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Saturday, 9 May 2015

18710190

Book: Allegiant, Veronica Roth
Series: Divergent series #3
Publisher: Katherine Tegen Books
Release Date October 2nd, 2013

Rating: 2 stars

Allegiant is the finale in a trilogy that is loved by many and was highly anticipated. Unfortunately, despite the hype surrounding this book, I did not enjoy it as much as the previous two books. Just to give you an idea on how I feel about this book:  it had over 500 pages and took me over a week to finish it. In Harry Potter and the Deathly Hallows, it had over 700 pages and I finished it in less than a week.

In this book, Tris, Tobias and everyone else have discovered the video by Edith Prior about how the Divergent are required to go outside the gate and help rebuild life out there. When they arrive they meet many new characters who explain to them about how they created the factions in their city and how they’re trying to fix everyone’s damaged genes so that people aren’t defined by any one characteristic, for example how the Abnegation are only known for their selflessness.

I feel there were a lot of reasons why I didn’t enjoy this book as much as it took me so long to read. First off, we meet loads of new characters (David, Matthew, Nita, Zoe) that had plenty of opportunity for character growth and development. Do we get it? No. We just get clones of Jeanine Matthews and Evelyn Johnson who just want to control everybody. While in the city, everybody was separated due to the factions, but outside, they’re separated by their genes. People like Tris, who have undamaged genes, are treated with respect and could get away with a lot of things without getting in trouble. People like Christina or Cora, who have damaged genes, are treated like experiments and don’t matter as much as the genetically pure.  This was one of the main plot devices our heroes have to overcome, but I felt it was quite repetitive from the other two books and I just didn’t care enough about the side characters to feel for what they did or what happens to them in the end.

Another turn off? Tobias and Tris’s relationship. Yeah, yeah, let the hate ensue, I don’t care. I HATE this couple. When our main characters are in a relationship, they are supposed to work together to overcome any obstacle and defeat the bad guys because they love each other so much and lean on each other to overcome their demons and come out fighting in the end. Damon and Katy (Lux novels) do this. Sydney and Adrian (Bloodlines series) do this. Do Tris and Tobias do this? No. They spent the majority of this book (just like Insurgent) fighting. First they loved each other, then they hated each other, then they couldn’t live without each other. And when Tobias makes a mistake (because he’s not perfect) does Tris stand by him and forgive him? Of course not. She instead debates breaking up with him. And I absolutely despised this. Reading their constant back-and-forth bickering/portrayals of love made me want to bang my head against a wall. They had a common enemy and a common goal but because they had different points of view on how to get there, they drove each other away.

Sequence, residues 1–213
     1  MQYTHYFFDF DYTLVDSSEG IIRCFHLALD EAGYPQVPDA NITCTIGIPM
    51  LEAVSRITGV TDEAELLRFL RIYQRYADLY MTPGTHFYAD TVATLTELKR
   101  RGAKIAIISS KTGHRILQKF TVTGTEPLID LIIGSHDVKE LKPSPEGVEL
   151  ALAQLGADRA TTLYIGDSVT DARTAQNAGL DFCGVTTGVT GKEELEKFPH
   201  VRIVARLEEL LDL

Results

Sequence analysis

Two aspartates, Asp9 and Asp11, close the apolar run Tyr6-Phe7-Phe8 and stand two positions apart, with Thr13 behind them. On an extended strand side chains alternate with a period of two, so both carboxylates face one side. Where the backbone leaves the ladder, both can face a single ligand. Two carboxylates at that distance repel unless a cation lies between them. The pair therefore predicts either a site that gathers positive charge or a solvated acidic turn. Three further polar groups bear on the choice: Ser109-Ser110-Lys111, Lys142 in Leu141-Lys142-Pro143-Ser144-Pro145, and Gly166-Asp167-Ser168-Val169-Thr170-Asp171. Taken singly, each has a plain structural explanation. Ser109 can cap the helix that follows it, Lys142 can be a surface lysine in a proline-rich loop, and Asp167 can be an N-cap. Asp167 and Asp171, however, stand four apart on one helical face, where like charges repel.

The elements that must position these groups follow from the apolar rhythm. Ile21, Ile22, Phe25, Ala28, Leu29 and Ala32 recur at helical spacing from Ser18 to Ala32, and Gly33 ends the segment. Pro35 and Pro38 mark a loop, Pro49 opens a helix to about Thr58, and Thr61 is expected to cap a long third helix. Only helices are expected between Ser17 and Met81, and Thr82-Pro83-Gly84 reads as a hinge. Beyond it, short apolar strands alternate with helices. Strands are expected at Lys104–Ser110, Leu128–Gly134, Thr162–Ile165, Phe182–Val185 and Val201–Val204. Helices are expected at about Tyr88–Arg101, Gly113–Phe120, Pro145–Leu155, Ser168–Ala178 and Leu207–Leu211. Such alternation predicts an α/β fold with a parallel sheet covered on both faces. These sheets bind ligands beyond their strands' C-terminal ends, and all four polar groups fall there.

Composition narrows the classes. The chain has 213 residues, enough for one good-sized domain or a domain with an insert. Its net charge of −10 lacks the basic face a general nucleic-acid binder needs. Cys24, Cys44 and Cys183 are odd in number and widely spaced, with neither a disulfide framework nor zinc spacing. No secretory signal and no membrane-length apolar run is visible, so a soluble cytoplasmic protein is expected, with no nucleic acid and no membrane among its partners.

And while we’re at it, let’s look at Tris and Tobias as characters. In the first two books, we’re shown Tris’s struggles as she tries to fit into Dauntless while being Divergent. When her parents die, she struggles to find a reason to keep living so purposely throws herself in dangerous situations. She made mistakes and she’s not perfect, yet once she realises her errors, she tries to do what’s right and protect her loved ones. I liked her for this. In Allegiant, however, she doesn’t seem to have any faults. Everyone turns to her for leadership and advice, and turns her back when someone makes a decision she wouldn’t have made. And while I won’t spoil the ending, someone had already told me what it was so when it happened, I wasn’t surprised and honestly, the way her character had headed, I didn’t care anymore. She already wasn’t my favourite heroine to begin with, but this book completely ruined her chances of ever being on that shelf.
Now, Tobias. We get his point of view in this book and I don’t think it was needed. Anyone who’s read the book knows why he gets his point of view, but I much preferred Tobias from Tris’ point of view. We already knew he was emotionally scarred due to a crappy childhood, but instead of Tobias growing as a person whenever things went wrong for him, he wanted to take the coward’s way out and forget it all. Does that sound like the brave, selfless soldier we met in Divergent? He became a total sourpuss and I liked him a lot less in this book compared to Divergent and Insurgent. Two POV’s don’t always work if the author can’t handle it properly, and sadly Roth did a poor job in this book. We get the same scenes as both Tris and Tobias have reactions and it just dragged the book out and bored me.

So all in all, this book was a disappointment to end this series. I’m sure people who love this series will love some parts of it, but for me, the amount of poorly developed characters, the atrocious relationship between Tris and Tobias and the repeated plot of just trying to gain control made this book unenjoyable for me. I was already iffy about dystopian novels but this pretty much cemented those feelings for me. I’ll just stick to fantasy romance novels, thanks.

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